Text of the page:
One of the biggest complaints about VR is that the locomotion isn’t very accurate; you’re oftentimes relying on teleportation in most games to get around, and you can rarely ever run or move as fluently or as gracefully as you can with the controller. Well, TPCast is hoping to provide gamers with a solution to this problem by teaming up with Infinadeck, the makers of the hands-free VR treadmill.
The collaboration may have been announced recently, but it the culmination will come to fruition at the Silicon Valley Virtual Reality meetup set to take place on May 16th. At the end of the month the collaborative efforts between TPCast and Infinadeck will be further demonstrated at the AWE Conference between May 30th and June 1st.
Over on the official TPCast website, Udi Yuhjtman, TPCAST’s North American general manager, explained that the partnership is forward-looking, and that both companies have plans on using this as a way to further enhance the hardware powering VR software…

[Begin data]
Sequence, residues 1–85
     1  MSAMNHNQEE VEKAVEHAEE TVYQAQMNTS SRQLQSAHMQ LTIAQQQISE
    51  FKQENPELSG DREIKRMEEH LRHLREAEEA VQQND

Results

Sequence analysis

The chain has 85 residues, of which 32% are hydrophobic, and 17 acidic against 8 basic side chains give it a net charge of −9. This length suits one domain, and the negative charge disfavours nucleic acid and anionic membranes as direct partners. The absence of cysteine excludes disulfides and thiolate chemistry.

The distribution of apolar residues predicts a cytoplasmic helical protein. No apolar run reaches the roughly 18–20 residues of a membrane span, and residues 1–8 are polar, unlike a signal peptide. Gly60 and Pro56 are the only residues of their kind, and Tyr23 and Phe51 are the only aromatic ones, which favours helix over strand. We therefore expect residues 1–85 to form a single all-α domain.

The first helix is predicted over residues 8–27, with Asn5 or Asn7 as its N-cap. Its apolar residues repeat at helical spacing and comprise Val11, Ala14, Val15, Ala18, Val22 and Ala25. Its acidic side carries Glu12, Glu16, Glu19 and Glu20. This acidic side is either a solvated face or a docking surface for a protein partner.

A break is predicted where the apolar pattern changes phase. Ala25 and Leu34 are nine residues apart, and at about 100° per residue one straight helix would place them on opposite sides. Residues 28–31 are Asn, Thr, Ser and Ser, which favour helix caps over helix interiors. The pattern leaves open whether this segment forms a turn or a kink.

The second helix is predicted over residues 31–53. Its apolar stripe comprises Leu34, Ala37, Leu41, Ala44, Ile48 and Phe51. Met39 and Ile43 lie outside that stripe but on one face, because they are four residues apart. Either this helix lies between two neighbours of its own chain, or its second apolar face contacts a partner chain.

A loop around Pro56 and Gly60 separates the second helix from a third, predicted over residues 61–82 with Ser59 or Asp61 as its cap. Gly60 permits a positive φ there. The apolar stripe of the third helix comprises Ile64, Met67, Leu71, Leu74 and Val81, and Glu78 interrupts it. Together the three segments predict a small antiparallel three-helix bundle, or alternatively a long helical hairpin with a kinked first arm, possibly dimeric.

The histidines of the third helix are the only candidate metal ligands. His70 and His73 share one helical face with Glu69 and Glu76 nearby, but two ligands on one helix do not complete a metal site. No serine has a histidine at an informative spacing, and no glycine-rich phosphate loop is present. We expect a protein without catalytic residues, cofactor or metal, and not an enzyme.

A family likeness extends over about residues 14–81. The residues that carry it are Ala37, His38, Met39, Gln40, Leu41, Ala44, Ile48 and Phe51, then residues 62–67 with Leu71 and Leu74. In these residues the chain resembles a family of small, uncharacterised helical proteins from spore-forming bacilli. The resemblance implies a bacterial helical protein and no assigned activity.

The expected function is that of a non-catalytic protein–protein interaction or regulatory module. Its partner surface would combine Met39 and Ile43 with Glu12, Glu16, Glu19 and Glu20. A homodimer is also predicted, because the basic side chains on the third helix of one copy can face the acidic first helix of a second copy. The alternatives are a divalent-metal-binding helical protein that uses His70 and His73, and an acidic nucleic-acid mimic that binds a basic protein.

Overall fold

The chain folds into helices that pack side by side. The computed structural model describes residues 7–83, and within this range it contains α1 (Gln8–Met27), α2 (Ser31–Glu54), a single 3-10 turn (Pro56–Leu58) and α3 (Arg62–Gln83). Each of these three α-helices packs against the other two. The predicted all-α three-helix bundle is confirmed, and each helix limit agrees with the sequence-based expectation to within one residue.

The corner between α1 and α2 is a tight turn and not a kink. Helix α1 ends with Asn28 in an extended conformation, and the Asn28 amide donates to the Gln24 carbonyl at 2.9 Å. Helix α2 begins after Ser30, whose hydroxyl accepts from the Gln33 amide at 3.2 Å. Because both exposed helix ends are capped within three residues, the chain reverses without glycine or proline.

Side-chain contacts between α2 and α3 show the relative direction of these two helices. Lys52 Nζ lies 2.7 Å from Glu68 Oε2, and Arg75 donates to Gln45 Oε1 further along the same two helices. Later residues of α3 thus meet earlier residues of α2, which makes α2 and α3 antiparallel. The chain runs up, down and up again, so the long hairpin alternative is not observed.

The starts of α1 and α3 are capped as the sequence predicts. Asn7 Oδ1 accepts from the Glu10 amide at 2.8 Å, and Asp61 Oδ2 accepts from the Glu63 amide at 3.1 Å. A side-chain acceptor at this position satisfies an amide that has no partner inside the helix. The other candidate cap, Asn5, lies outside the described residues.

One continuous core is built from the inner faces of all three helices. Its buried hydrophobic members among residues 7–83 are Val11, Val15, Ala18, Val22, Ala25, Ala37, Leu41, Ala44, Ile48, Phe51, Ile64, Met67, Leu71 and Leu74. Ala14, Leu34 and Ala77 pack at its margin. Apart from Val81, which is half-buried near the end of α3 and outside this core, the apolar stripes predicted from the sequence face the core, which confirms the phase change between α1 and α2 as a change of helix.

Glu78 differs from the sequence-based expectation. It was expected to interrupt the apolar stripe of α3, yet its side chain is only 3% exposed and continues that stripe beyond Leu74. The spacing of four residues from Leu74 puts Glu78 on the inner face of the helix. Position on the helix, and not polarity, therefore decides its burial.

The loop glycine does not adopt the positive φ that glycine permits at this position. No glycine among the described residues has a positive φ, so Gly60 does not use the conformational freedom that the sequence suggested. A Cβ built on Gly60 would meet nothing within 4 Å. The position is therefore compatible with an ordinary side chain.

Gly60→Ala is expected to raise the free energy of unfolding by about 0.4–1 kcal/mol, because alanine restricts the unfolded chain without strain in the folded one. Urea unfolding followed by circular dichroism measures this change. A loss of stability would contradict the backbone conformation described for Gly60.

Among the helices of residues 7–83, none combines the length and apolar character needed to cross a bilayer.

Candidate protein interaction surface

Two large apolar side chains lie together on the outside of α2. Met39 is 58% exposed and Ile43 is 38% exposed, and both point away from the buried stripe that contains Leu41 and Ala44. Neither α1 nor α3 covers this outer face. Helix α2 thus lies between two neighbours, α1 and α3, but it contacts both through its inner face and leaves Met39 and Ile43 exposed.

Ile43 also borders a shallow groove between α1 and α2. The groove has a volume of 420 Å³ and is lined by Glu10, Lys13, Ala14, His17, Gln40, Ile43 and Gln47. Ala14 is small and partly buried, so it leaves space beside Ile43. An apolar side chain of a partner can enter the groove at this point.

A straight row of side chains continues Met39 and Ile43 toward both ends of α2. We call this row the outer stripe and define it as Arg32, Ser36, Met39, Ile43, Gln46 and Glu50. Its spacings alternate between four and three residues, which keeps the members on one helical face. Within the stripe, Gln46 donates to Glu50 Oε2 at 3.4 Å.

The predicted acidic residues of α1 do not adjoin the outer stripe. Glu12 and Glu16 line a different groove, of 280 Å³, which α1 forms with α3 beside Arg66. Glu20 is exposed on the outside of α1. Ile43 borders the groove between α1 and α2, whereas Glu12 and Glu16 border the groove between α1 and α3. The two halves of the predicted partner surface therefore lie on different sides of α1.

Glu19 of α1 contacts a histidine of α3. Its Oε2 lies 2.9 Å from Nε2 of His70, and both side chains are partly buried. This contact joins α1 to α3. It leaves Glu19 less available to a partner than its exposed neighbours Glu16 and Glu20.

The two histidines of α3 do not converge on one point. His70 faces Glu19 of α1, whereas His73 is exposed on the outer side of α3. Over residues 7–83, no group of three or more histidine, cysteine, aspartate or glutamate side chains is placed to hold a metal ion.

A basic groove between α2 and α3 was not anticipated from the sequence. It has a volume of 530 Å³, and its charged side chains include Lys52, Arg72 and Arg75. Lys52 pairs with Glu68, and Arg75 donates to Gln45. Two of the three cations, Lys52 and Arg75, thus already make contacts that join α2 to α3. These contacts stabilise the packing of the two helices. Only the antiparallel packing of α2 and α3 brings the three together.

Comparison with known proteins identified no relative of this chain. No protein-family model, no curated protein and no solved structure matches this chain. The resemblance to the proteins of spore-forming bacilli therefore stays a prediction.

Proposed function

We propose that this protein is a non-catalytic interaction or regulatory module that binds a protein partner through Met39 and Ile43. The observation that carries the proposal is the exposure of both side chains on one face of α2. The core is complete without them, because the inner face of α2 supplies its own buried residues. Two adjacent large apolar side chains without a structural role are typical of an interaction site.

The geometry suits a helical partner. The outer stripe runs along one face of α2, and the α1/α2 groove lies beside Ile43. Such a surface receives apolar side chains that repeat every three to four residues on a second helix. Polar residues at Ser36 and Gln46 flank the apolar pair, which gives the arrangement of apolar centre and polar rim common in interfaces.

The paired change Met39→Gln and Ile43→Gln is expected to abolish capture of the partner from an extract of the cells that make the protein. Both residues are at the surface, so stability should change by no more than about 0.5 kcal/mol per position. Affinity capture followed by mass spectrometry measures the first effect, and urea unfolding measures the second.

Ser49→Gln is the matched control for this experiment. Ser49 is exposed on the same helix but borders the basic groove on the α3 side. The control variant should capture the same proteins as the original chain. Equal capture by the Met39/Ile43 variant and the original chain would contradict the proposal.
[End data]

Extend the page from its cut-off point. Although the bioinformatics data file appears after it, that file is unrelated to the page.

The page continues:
“We are excited to partner with leading vendors in the Virtual Reality market and contribute and enhance the Virtual Reality world. Infinadeck provides a key component and feature that will enable many new applications and capabilities and we look forward to cooperate with many other applications”.
TPCast is a wireless solution for the HTC Vive and Oculus Rift. It’s a battery-operated alternative that allows you to untether yourself from the clunky wires and focus on having free movement with the VR headsets.
The Infinadeck is similar to the Omni-Treadmill, insofar that you can replace locomotion from the VR wands with actual motion from your own two legs, allowing you to move around friendly in any direction.
The TPCast is fairly expensive, clocking in at $299 for the VR headsets. While it offers some great functionality, it also comes at a hefty price.
The Infinadeck doesn’t have a price tag yet, and the only way to find out what the pricing solution is is to contact the makers.
Basically, this is a step closer toward making VR more mechanically operable for standard games, but it’s still too expensive and a long ways off from being a viable consumer product for the masses.